Olivier Wolff talks a lot about relevance. And for good reason.
Even when you’re an entertainment colossus as strong as Warner Bros, the games market’s often fickle shifts are hard to avoid.
So when you ask him about Warner Games’ performance amidst a world of change, he’s bullish and to the point.
“We are ahead of our goals on a revenue standpoint but even more on a profitability standpoint," the Warner Games international chief told MCV. "Our games are selling above expectations, and because of their quality we have managed to maintain them as triple-A franchises.
"Warner Games didn’t exist seven years ago - five years ago we were more a licensing house. So look at what we achieved in just four years, the growth is phenomenal.”
He’s not wrong. In just five years, Warner has built a hugely credible games operation, buying up talented independent studios, growing its games-dedicated staff across the globe – all of the non-North America teams report into Wolff – and establishing a stable of franchises.
“What we are is a company that tells stories – whether we express that in games or films or TV or whatever. The thing we do at Warner is franchise development – we nurture the brands and make them grow in games,” says Wolff.
“We are ahead of our goals on a revenue
standpoint but even more on a profitability
standpoint. Our games are selling above
expectations, and because of their quality
we have managed to maintain them as
triple-A franchises. Warner Games didn’t
exist seven years ago - five years ago we
were more a licensing house. So look at
what we achieved in just four years, the
growth is phenomenal.”
Olivier Wolff – International Chief, Warner Games
This Christmas two of Warner’s prize stories take a new twist, with new releases in its prizes series.
First up is Batman Arkham Origins, out next month. This franchise prequel comes from a new studio and adds a host of new features to the popular series.
Then there’s LEGO Marvel Super Heroes, out the following month. Aside from being a licensing lawyer’s dream (LEGO licence, plus Disney-owned Marvel characters, made and distributed by ‘rival’ Warner), it’s hotly tipped. It’s also the only one of Warner’s games to be out on next-gen this year.
“We are extremely excited about next-gen and are investing massively in it,” says Wolff, pointing to new titles Mad Max and Dying Light, out next year. “But there is great market out there on current consoles, there is a good market on PC, and on mobile. For us it’s about getting the relevant game on the relevant formats.”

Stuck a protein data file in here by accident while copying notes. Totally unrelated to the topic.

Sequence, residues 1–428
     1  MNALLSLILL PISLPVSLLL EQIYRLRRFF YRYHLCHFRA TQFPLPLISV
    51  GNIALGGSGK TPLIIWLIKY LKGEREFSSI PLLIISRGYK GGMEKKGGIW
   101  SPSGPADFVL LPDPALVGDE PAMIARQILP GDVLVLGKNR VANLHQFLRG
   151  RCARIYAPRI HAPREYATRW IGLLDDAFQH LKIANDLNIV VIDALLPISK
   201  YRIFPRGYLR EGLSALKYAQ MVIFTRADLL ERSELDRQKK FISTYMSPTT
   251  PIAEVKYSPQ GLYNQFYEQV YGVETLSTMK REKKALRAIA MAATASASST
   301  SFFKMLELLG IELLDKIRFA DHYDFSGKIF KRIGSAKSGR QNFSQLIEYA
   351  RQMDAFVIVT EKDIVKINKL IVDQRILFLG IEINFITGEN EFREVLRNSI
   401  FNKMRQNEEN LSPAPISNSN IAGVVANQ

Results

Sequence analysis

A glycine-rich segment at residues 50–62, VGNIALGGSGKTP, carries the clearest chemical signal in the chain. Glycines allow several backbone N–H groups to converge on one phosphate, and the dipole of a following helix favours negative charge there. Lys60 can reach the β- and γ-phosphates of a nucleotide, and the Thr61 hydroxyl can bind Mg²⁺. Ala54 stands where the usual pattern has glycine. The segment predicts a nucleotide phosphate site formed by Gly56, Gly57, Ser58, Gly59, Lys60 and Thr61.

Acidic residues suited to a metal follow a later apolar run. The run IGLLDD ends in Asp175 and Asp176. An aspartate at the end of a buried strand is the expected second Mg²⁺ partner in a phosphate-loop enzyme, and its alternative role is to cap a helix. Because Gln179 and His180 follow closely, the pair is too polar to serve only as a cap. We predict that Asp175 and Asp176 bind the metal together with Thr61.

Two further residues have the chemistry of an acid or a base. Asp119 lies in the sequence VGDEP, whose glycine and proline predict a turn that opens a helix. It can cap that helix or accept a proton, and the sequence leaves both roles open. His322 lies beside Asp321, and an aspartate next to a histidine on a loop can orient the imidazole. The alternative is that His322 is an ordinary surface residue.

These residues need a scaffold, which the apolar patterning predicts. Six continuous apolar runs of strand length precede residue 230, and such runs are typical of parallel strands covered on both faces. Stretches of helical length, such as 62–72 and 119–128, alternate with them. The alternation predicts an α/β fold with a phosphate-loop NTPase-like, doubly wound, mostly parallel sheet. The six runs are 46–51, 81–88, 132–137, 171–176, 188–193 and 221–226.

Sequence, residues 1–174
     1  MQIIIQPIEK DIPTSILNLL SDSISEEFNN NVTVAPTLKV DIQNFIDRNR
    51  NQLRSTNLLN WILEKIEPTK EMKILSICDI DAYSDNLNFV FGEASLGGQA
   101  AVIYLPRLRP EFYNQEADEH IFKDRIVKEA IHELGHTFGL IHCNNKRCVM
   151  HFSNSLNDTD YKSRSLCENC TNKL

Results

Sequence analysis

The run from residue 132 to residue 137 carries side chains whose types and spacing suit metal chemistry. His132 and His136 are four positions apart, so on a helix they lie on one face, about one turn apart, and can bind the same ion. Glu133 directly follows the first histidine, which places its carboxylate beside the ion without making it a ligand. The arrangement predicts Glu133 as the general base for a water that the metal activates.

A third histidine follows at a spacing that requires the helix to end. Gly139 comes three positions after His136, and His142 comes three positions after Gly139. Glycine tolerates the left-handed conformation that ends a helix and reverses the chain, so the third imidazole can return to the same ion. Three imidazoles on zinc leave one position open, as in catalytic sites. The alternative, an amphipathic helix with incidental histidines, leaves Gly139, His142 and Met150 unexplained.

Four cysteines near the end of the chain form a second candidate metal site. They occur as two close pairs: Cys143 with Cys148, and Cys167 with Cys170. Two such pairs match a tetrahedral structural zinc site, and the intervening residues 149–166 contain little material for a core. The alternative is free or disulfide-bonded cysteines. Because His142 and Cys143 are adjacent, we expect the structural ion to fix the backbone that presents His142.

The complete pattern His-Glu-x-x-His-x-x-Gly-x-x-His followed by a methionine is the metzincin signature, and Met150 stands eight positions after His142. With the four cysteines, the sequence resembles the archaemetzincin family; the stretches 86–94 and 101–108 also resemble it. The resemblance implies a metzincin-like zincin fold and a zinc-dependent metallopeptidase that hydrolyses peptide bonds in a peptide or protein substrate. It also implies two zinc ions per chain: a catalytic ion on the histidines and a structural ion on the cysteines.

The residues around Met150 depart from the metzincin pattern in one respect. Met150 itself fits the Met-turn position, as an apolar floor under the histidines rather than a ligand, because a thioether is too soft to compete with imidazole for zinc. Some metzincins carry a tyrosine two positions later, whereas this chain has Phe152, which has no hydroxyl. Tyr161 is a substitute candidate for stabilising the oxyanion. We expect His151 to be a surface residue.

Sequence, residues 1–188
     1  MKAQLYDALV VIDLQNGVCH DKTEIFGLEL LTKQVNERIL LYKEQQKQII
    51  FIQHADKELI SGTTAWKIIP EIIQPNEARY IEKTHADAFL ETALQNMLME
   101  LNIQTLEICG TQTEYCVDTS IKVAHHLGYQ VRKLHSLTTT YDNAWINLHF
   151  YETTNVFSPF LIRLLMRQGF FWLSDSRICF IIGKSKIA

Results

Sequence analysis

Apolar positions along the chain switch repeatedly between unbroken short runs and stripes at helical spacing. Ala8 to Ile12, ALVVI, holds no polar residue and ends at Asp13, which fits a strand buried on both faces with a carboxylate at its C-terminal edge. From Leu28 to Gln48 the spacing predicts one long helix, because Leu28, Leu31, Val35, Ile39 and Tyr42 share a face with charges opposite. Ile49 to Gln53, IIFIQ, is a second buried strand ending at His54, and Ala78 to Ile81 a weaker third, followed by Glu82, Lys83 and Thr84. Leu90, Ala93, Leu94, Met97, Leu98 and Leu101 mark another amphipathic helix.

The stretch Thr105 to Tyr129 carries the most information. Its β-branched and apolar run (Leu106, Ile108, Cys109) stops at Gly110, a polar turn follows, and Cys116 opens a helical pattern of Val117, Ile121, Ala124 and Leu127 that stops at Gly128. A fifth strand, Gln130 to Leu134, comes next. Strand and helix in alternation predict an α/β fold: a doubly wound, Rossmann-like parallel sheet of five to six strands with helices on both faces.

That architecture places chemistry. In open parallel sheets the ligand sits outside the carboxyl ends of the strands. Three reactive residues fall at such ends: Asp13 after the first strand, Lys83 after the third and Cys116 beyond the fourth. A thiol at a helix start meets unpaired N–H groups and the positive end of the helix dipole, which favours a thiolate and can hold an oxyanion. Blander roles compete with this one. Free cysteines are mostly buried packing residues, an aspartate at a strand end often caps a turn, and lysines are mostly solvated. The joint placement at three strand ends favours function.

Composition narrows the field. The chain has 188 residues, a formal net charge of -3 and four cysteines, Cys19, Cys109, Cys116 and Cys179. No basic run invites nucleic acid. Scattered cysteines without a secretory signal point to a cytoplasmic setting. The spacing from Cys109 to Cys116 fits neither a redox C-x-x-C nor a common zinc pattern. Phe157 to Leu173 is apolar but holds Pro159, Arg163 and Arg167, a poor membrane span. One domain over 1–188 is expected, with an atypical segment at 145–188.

He’s not downplaying the power of next-gen, but has a more pragmatic international eye on their potential.
“There is definitely going to be lots of excitement, but i think it depends on things like trade-in programs and the like. In markets such as the UK and the US first-adopters will really pick the markets up there. But it will be slower in the other territories.”
Overall though, “we are definitely going to be better off in two or three years than we are today”.
“The next-gen machines will revive the gaming experience. We really need it, the consumers need it, retailers want it, and the competition between all of the them is great. Even Nintendo – no one is talking much about Wii U, and i think we will be surprised by it. It is great to have all these great console games out there.”
And consoles are not the only way to sustain a brand these days, says Wolff.
He says that to the secret to the long-term health of Warner Games prize franchises comes from working across platforms. “We have strategies with mobile, console and DLC all interacting to sustain it,” he says, summing up the firm’s approach as ‘holistic’. This might also be the key to how Warner has grown in the face of pressures which have pushed some companies out of the market altogether.
“The next-gen machines will revive the
gaming experience. We really need it,
the consumers need it, retailers want it,
and the competition between all of the
them is great. Even Nintendo – no one
is talking much about Wii U, and i think
we will be surprised by it. It is great to
have all these great console games out there.”
Olivier Wolff – International Chief, Warner Games
“I don’t look at the market share numbers, I don’t care about it,” Wolff claims. “Because I know how to buy market share. And that doesn’t tell you anything about profitability. And companies with bigger market shares than us have recently gone out of business.”
There’s lots of talk about the squeezed middle, and while Warner Games is no minnow it’s not yet an EA or Activision heavyweight - is Wolff looking at their global footprint?
“We could probably have more market share by taking on more distribution deals - we actually have a bigger network for distribution than the big games publishers because we are not reliant on one category of product, and we have direct local presences for many years,” he says. “We have a real competitive advantage.
“We are not EA, we are not Activision… yet.
“Will we get there? I don’t know. We don’t want to be a two-game company, like with just GTA. We need sustainability. What we want first of all is the right quantities of relevant, strong IPs that we can manage at a high quality level whether in a box or digitally.”